Last week I had the pleasure of reviewing Petter & the Pix‘s second album, prostate Good As Gold, pilule an eclectic bundle of folk and rock that never sits still longer than one track at a time. I urge you to seek it out, and you can listen to the first single off the album (Never Never) here. Petter, lead singer and ringleader of the group, of sorts, is an Icelandic chap from something of a musical family – his brother, Pontus, is half of the successful pop songwriting duo Bloodshy & Avant (not sure which one), and Petter himself used to be in Iceland’s first big reggae band, Hjálmar, as well as in a few other acts making everything from house beats to jazz. The Pix is Petter’s band, consisting of Mike Svensson on piano, Andreas Gabrielsson on bass, Nils Törnqvist on drums, and Mattias Franzen and Klas Ericsson on guitars. I had a quick catch-up with him to ask about his songwriting process.
Hi, Petter. What is it that you’re trying to do with the Pix? As in, what are you aiming for?
To make music and let everyone that is involved feel as involved as we are. I see music as some sort of get together, and I don’t want to work with anyone unless I can trust them to do their very best. For me a very big part of making music is to find situations where you can create moments of trust, with both your fellow musicians and a possible audience.
How would you describe your sound?
I’d say it some sort of pop.
Your music is extremely varied in style and instrumentation – how much to do you draw upon your experience with genres other than just ‘indie’ in making music?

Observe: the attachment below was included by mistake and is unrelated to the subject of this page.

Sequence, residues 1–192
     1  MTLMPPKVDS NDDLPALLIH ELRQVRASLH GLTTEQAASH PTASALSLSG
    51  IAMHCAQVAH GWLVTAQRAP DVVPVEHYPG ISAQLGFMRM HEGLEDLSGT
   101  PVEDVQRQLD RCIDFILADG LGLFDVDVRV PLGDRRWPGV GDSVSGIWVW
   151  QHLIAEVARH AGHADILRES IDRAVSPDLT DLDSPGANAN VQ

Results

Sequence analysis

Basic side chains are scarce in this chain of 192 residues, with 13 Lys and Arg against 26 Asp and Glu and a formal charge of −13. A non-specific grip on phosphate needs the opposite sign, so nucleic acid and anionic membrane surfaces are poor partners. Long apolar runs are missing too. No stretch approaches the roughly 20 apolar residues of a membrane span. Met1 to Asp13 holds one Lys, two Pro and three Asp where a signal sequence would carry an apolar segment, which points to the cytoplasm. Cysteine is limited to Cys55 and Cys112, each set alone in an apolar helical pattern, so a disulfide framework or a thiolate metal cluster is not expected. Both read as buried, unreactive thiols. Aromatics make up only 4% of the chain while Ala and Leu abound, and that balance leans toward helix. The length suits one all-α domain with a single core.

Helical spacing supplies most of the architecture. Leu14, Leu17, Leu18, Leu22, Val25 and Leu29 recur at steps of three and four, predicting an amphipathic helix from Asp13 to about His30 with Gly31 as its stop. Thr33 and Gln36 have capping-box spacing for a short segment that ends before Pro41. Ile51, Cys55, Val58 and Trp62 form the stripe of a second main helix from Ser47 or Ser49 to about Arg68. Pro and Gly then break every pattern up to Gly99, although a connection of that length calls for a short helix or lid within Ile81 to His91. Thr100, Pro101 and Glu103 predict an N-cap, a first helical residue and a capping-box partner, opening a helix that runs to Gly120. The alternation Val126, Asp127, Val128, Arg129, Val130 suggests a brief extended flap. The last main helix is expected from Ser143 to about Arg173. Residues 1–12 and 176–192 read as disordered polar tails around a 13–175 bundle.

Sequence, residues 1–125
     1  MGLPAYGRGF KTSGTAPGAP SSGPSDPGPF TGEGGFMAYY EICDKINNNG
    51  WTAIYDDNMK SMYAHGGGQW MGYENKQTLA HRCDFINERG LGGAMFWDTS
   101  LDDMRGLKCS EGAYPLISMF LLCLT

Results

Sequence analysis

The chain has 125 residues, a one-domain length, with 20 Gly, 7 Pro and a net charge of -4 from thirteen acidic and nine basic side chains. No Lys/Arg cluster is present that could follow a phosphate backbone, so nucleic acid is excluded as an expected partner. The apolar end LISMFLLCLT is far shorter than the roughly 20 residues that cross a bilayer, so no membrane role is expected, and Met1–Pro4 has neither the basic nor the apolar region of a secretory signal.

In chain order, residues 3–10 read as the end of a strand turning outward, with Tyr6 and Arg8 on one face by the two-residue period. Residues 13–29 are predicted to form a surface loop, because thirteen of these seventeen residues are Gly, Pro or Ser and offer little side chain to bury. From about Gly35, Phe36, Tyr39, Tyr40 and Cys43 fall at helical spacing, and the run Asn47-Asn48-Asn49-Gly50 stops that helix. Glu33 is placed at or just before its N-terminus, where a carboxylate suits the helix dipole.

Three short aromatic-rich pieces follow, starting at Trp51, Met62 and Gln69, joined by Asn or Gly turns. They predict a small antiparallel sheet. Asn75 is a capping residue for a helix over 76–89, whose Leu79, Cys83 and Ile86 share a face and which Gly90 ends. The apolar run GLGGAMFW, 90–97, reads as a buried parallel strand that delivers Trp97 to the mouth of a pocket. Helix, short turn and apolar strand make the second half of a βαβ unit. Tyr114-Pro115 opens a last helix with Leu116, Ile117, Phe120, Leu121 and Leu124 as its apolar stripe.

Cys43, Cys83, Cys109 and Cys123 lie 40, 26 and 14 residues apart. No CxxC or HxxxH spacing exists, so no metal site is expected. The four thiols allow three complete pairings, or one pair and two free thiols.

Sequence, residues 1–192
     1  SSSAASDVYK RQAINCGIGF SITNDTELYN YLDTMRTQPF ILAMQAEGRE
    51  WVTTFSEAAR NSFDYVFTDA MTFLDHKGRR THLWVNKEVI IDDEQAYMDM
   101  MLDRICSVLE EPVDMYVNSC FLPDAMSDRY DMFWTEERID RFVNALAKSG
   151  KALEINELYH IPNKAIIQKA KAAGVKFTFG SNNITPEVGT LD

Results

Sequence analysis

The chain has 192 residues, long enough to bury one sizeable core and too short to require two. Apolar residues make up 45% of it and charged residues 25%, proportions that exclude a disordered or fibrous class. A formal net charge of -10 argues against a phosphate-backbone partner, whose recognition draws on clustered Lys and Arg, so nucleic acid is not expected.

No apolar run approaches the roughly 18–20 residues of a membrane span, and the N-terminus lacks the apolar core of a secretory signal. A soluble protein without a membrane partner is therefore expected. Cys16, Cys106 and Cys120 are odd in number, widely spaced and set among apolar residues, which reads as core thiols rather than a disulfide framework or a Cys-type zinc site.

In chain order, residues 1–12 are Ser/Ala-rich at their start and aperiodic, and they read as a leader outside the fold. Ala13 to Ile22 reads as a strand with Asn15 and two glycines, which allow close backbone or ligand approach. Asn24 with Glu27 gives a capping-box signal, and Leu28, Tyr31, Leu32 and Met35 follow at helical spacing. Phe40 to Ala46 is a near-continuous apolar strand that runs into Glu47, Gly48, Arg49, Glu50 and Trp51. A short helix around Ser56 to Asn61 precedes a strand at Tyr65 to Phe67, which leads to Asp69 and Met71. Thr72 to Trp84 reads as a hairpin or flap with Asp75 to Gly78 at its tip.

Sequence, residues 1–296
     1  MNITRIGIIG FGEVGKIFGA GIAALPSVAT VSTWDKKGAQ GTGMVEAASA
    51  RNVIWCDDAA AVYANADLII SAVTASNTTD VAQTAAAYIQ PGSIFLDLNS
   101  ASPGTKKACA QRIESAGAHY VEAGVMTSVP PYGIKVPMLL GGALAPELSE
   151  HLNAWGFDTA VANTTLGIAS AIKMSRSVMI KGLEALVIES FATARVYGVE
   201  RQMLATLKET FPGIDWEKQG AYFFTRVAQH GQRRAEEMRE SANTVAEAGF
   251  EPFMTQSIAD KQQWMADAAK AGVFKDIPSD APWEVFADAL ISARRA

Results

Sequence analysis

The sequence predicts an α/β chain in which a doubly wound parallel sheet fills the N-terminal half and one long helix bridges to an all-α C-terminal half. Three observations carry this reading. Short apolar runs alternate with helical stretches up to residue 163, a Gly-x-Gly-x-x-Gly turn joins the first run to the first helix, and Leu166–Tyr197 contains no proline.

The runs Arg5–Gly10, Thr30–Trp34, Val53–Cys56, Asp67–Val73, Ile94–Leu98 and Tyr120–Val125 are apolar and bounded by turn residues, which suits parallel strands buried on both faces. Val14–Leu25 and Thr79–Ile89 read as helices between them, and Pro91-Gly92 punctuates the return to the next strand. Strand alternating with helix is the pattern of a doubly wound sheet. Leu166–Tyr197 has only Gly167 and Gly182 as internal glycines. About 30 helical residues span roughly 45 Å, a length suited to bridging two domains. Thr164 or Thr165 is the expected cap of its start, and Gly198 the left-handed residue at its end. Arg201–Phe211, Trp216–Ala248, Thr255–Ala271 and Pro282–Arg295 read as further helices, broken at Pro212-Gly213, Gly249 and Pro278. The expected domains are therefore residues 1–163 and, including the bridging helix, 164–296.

I don’t really know how to define indie or pop if you are referring to it as a certain style of music. There are so many different music styles that people call indie or pop. The expressions seem to change depending on the decade in which they’re used. I think that for musicians, every piece of music they participate in changes the way they think about making music. If the musical history of the members in a group is varied, the outcome will somehow be a reflection of this.
What’s it like working with such a talented range of musicians? How much do they help in achieving that semi-orchestral breadth of sound?
The musicians are everything that there is! If I would choose another constellation of musicians then I’m sure that it would sound very different, not necessarily bad, but different. The fact that we’re all old friends makes it easier to work together.
What else influences you in your work? Where do you draw your ideas from? The world around you, friends, things like that?
The fact that it’s possible to survive as a musician, and that I enjoy playing and recording music, of course, are definitely the reasons why it’s worth making the effort to finish a song. But I think that what actually triggers the ideas could be just about anything, most likely it’s a combo of different components that effects your emotional state and I believe that music is just a product of that process.
This is your second album – do you feel that you’re progressing as a band?
Yes, I think that this album sounds different from the first one, so that would be progress. We haven’t been touring with this band so we haven’t been able to evolve in terms of meeting an audience. But we’ve played together in different constellations for at least ten years so I think that gives us the comfort to play what we like, even if doesn’t happen that often.
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